Saturday, September 22, 2007

Does the current state of most Democrats demand less idealism, or MORE?

I was going to post these comments on the comments thread to Blue Girl’s “Better Democrats, Please” post, but first recognized they were getting long, and then decided I felt they were too important to relegate to a comment thread.

Here’s my take on my willingness to vote third-party in 2004, and again in 2008, or in future midterm elections, even should I live in a swing state like Ohio:

Is it a “test of ideological purity” to say that I won’t vote for candidates that support remaining in Iraq, or a political party, too?

Sorry, but that fact (especially my mentioning Greens “too often”) was one of the two reasons I got banned from Daily Kos — proudly banned, I’ll ad.

BG makes my point exactly, but with a different conclusion: the older I get, the more I see there’s too much at stake for half measures on a number of issues. I voted against Kerry, and for David Cobb, not only over the Iraq War itself, but, the imperialism-lite of too many Democrats. (It's too bad Kevin Drum didn't tackle this issue at Political Animal in his otherwise excellent post about the “foreign policy establishment.”

To me, the “we gotta support the Democrats in the end” exemplifies not just what’s wrong with current Democrats/Democratic Party, but what’s wrong with the deep structure of U.S. politics.

First, to look at the Democrats.

Where’s a bill for federal public financing of Congressional campaigns, including reasonable provisions for financing third-party campaigns? Before the midterm elections, a federal Congressional campaign finance bill, but one that would squeeze out third parties, was rumored to be in the mix. I found it appalling that such a thing would even be considered under the guise of campaign reform.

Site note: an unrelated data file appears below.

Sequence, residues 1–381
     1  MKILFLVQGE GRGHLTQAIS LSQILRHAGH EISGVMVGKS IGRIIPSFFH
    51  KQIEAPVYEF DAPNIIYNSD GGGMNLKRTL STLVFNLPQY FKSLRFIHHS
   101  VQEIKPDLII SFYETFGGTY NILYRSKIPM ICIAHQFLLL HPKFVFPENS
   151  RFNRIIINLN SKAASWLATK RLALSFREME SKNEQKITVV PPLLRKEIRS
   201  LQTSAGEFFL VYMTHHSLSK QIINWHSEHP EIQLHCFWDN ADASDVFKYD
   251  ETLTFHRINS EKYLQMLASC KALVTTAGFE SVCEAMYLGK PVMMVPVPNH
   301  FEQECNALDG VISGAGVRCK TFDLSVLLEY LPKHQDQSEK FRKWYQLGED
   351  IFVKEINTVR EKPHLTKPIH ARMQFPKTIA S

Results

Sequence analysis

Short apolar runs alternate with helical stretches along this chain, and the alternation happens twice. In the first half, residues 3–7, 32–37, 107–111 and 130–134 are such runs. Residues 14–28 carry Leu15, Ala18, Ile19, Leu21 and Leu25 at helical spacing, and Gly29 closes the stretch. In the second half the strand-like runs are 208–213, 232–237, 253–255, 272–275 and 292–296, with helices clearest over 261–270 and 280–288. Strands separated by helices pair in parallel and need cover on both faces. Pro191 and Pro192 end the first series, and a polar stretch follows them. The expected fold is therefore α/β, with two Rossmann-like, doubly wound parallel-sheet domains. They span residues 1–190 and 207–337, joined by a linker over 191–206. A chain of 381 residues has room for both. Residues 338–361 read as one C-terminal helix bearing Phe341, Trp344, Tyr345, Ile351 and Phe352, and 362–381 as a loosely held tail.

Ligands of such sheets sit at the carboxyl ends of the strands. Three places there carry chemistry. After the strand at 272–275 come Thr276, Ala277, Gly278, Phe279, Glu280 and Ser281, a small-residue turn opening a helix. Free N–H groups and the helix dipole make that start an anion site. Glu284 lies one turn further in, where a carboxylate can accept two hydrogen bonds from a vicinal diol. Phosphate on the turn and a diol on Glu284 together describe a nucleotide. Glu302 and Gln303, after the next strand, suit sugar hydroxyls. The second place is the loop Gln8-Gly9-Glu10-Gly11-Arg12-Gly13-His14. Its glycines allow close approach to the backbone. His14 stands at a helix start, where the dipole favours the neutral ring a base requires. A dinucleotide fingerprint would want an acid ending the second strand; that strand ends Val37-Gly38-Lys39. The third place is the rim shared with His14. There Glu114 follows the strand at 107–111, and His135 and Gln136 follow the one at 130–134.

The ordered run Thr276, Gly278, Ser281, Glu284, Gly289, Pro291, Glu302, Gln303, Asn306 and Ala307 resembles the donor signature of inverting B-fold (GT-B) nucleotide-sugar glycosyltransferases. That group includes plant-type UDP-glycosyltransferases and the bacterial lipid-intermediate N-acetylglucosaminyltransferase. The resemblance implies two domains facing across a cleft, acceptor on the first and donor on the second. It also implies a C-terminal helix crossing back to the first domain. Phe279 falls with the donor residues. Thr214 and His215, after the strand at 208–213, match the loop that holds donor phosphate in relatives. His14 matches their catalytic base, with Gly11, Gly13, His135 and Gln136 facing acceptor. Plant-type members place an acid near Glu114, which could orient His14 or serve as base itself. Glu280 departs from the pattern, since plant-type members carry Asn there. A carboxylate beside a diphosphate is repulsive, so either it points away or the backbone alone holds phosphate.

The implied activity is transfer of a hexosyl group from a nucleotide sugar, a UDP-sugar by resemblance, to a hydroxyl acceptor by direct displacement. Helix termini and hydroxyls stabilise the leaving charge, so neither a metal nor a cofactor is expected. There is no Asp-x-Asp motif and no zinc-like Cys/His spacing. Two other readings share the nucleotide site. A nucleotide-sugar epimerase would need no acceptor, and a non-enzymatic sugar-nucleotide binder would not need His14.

Where, at state or federal levels, are Democratic supports for things like Instant Runoff Voting? Nonexistent, that’s where.

At an even deeper level, and even more idealistic one, though, I’m convinced our Constitution itself needs reform. Not at the edges, though, right at the center.

The only real way for third parties to have a chance in the American process, AND the only way to adapt the speed of the American government to the nuclear/computer age, is to move in the direction of parliamentary democracy.

I heartily recommend David Lazare’s “Frozen Republic” as the best writing I’ve seen on this subject. (Reviewed by me on Amazon.)

Short of that, though, I won’t hold my breath on either Democrats or Republicans doing anything at all at the federal level, and precious little at the state level, to make it easier for third parties to get more of a purchase on the political process.

Beyond that, I hope that as I get older, I become less apologetic for being idealistic.

Update: Clay, first of all, I’ve read about alternatives to IRV. IRV is the best-known one, though, so I used it as representative as alternative to first-past-the-post single-member, single-vote electoral districts that prevail across the U.S. at anything above the municipal level.

Second, the fact is, ALL alternatives to straight voting have some disadvantages. (Clay is right about some of IRV’s problems, but there are other alternatives besides his, too.) Mathematical word-problem type illustrations have shown that. Sorry, no URL of direct comparisons; it’s been years since I read a side-by-side comparison of all the alternatives. That said, I’ll give you Wiki links for single transferable vote (a method I like more than what Clay proposes, but which would probably require change in federal law), preferential voting in general (which includes both IRV and the STV I like, and voting systems in general, including Clay’s range voting.

I favor the Single Transferable Vote over Clay’s range voting because I’d like to see the U.S. House elected in part from a German-style national list, which would of itself move the country in a more parliamentary direction. (Of course, this would require constitutional amendment.)

As for which alternative to straight voting is the best, I’m non-committal at this time.

I would consider a partial use of proportional representation, such as the German Bundestag having a majority of single-member seats (whether we would use plurality voting, as it does, range voting, IRV, or something else) combined with a “national list” elected by proportional voting. Such a national list, in fact, would be one of the things to help move us more toward a quasi-parliamentary government emphasizing more national, versus, federal features to boot.